Fox // 1995 // 131 Minutes // Rated R
Reviewed by Judge Michael Rubino (Retired) // October 17th, 2011
"Hot in here, or am I just scared to death?"
In Die Hard, New York cop John McClane (Bruce Willis, The Sixth Sense), scrapes, claws, and shoots his way through an L.A. skyscraper. In the Xeroxed sequel, he does the same thing through the slightly larger Washington Dulles International Airport. So it makes sense, proportionally, that the third film in the series, Die Hard with a Vengeance, spans the entire island of Manhattan (and a little bit of Canada). This loud, frantic epitome of excessive mid-90s action films is now out on Blu-ray.
John McClane has one heck of a headache, hasn't talked to his wife Holly in over a year, and is a borderline alcoholic. So the last thing he needs is Hans Gruber's brother, Simon (Jeremy Irons, Kafka), calling him with riddles and bomb threats. McClane has no choice but to comply, and within the first fifteen minutes of the film, he's standing in Harlem with a sandwich board covered in an ethnic slur. It's this little stunt that introduces McClane to Zeus (Samuel L. Jackson, Pulp Fiction), an angry man with more than a little disdain for "white cops." Together, these two guys run around the Big Apple, Odd Couple-style, trying to keep up with Simon's puzzles before half the town blows up. Based on an original screenplay (initially called "Simon Says," and in no way related to the Die Hard franchise), the film is markedly better than Die Hard 2; it feels less like a rehash of old themes and more like a familiar character thrown into a new situation.
If only the story was half as compelling as the first Die Hard. Vengeance begins abruptly: a hungover John McClane is called in to action after an explosion occurs in a department store. No subtle introductions of an old friend, just an initially random request and a seemingly self-aware chief of police who stops short of saying "Here we go again!" The point-of-view is far removed from the days when John was digging his toes into the carpet of Nakatomi Plaza. We're rarely allowed to get that close this time. Instead, the plot is a series of action set-pieces that McClane happens to be involved in. Director John McTiernan (who also helmed the original) is a pro at staging and filming explosive stunts, but the emotional glue that should stick them together isn't there.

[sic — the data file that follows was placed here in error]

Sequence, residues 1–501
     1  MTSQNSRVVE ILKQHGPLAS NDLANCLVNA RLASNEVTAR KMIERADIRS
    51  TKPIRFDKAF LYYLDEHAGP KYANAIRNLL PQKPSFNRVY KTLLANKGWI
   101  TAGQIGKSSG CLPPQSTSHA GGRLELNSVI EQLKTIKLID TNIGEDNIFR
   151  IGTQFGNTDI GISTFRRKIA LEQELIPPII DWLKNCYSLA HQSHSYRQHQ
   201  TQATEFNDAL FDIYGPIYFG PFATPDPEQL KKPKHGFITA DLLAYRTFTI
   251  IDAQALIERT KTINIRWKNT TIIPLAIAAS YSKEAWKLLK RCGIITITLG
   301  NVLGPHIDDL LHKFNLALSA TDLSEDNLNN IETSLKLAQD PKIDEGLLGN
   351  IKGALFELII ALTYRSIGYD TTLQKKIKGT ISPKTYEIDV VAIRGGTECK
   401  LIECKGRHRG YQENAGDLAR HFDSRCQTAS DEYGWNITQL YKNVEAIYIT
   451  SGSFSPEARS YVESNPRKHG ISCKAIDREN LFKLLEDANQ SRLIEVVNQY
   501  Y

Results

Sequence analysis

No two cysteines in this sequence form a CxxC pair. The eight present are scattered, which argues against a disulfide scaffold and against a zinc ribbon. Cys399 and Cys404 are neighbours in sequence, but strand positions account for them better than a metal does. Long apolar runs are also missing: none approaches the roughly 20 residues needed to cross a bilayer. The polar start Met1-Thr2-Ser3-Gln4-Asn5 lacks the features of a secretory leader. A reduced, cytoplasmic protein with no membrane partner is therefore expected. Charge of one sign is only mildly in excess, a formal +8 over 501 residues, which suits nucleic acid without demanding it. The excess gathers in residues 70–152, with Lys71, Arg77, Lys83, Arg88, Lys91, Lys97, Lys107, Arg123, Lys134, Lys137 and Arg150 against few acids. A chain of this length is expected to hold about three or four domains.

Die Hard with a Vengeance is just another big-budget blockbuster stereotypical of the mid-90s: angry cops, clever villains of curious Eastern European origin, race relations, entire city blocks leveled by practical explosions, and someone surfing on something other than a surf board during a flood of sewer water. That's exactly what I expect of my Clinton-era action flicks.
While Die Hard with a Vengeance is everything you would expect cinematically, the Blu-ray release is more of a mixed bag. The film's transfer is wonderful: the level of detail is impressive and the colors are vibrant and realistic. The practical effects and occasional green screen work all hold up nicely, and there's a surprisingly minimal amount of grain. The DTS 5.1 Master lossless surround sound is a fun and well-balanced mix. The dialogue is front and center and the explosions, bullets, and car chase sound effects wiz around the room in immersive fashion. It's a loud, bombastic mix perfectly suited to the action on the screen. What's a shame, then, are all of the recycled special features. The Die Hard franchise has had its share of special editions, so I understand that they're running out of supplements and deleted materials, but any Blu-ray release for a historic action franchise such as this should have a little bit more than a fancy menu. If you don't have any previous release of this film, you'll get to enjoy a commentary track with John McTiernan and screenwriter Jonathan Hensleigh, a weird alternate ending, featurettes, storyboard comparisons, interviews, and trailers. There are a lot of supplements here, but nothing especially fresh.
Die Hard with a Vengeance may not be the best in the franchise, but it's still a mindless, fun action film that will put your surround sound system to work.
Review content copyright © 2011 Michael Rubino; Site layout and review format copyright © 1998 - 2014 HipClick Designs LLC
Scales of Justice
* 2.35:1 Non-Anamorphic (1080p)
* DTS HD 5.1 Master Audio (English)
* Dolby Digital 2.0 Stereo (French)
* Dolby Digital 2.0 Stereo (Spanish)
* English (SDH)
Running Time: 131 Minutes
Release Year: 1995
MPAA Rating: Rated R
* Alternate Ending
* VFX Comparisons
* D-Box Enabled